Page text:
2021 is a year of celebration in Greece. Two hundred years ago, the revolution that brought the country to independence began. Outside the Ottoman Empire, mainly in France and in the United Kingdom, people already thought about a kingdom for the Greek people, a trusty ally to destabilize the east side of the Mediterranean Sea.
In these circumstances, we can introduce Manto Mavrogenous, the most famous heroine who took part in the revolution, supporting her compatriots. She was born in Trieste in 1796, under the Ausburg Monarchy, the daughter of Nikolaos Mavrogenous, a merchant from Mykonos, and Zacharati Bati.
She grew up in a wealthy and aristocratic family, having the chance to study Illuminism, a philosophical movement that profoundly influenced her way of thinking. Such a stimulant environment and the well-mannered societies she attended induced her also to learn French, Italian, and Turkish. “The beauty Greek” that was her nickname wasn’t just because she was a clever girl, but beautiful and charming too. Her way of thinking was more similar to the European girls of her age than her Greek peers.
Her father was a relevant member of the Φιλικής Εταιρείας (Filiki Eteria – the friendship organization), the most pertinent among the secret groups born in preparation of the 1821 revolution; supporting its activities, Manto talked about this organization every time she attended a social event.
The rise of the revolution in Mykonos
In 1821 Manto went to Mykonos, helping the locals to fight against the Ottoman troops. She spent her wealth selling gold and jewels to train soldiers, buy weapons, and equip the warships; she even fought several battles.
So, on the 22nd of October 1822, the Mykoniates succeeded in casting out the long-time invaders from their coasts. Immediately after, Manto showed relevant command skills, sending fifty well-trained soldiers and a six ships fleet to defend Tripolis in the Peloponnese region that greek revolters already set free.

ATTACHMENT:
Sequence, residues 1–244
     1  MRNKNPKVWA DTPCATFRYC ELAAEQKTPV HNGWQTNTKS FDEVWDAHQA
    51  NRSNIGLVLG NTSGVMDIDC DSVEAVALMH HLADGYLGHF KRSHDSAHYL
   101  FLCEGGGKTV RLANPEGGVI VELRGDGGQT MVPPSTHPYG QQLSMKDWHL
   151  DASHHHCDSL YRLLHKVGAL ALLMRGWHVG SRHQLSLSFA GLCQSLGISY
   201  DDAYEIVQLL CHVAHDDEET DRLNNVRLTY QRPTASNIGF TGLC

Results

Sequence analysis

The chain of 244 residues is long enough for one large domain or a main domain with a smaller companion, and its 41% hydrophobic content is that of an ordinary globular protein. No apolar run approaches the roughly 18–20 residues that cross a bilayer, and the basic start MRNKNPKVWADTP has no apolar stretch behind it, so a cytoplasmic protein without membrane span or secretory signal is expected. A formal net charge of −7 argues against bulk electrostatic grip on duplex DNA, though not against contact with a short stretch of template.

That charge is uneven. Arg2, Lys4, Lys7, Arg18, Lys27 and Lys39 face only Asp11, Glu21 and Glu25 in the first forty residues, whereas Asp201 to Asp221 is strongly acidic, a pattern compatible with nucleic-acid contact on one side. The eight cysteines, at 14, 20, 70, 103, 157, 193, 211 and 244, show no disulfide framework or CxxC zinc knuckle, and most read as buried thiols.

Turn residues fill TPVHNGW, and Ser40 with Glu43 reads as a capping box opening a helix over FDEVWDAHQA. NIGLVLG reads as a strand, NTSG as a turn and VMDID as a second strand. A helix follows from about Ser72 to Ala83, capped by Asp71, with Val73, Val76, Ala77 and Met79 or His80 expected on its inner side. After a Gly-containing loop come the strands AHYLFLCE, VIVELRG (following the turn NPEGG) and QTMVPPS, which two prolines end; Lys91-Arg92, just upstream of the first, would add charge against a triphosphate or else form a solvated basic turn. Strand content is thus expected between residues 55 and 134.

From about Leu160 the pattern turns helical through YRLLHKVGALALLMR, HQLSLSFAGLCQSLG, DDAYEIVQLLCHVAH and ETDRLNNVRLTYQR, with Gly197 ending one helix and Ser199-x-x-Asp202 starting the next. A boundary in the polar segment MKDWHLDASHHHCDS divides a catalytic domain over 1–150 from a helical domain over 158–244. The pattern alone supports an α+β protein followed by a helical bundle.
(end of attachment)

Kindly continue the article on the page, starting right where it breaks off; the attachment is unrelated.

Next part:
A stretched love
The revolution got to the heart, so Manto decided to move to Nafplio in 1823 to join the main actions. It happened when Manto’s mother cut every bond with her, not accepting a revolutionary behavior from a woman of her lineage. In Nafplio, the future capital of the Kingdom of Greece, she met one of the heads of the revolt, Dimitrios Ypsilantis; she fell in love with him, but they never married, causing in Manto deep suffering.
Moreover, various Greek politicians didn’t respect their relationship because they were part of relevant, Russian-friendly families: a treaty that both the French and the English factions couldn’t stand. When Dimitrios Ypsilantis died in 1832, Manto returned to Mykonos, full of pain; she spent time writing her memories.
Last years and death
The revolution and the independence war came to an end, giving the greek people freedom. Ioannis Antonios Kapodistrias, the first Greek prime minister, named her honorary Lieutenant and gave her a house in Nafplio.
She died in Paros in 1848, where she resided since 1840, poor, after spending all her money during the Revolution.
The first movie called “Manto Mavrogenous” was filmed in 1971. During these months in Mykonos, a new film is under production to celebrate such a relevant anniversary. You can meet Manto in the main squares of Mykonos. A marble half-bust is there, with our heroine wearing war clothes.